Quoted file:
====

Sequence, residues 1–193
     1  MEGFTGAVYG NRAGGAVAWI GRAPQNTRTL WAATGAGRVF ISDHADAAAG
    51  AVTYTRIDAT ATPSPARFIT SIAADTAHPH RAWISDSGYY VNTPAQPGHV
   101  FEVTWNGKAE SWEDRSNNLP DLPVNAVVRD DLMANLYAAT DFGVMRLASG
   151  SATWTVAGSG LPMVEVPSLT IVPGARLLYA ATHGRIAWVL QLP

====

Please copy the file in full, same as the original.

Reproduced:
Sequence, residues 1–193
     1  MEGFTGAVYG NRAGGAVAWI GRAPQNTRTL WAATGAGRVF ISDHADAAAG
    51  AVTYTRIDAT ATPSPARFIT SIAADTAHPH RAWISDSGYY VNTPAQPGHV
   101  FEVTWNGKAE SWEDRSNNLP DLPVNAVVRD DLMANLYAAT DFGVMRLASG
   151  SATWTVAGSG LPMVEVPSLT IVPGARLLYA ATHGRIAWVL QLP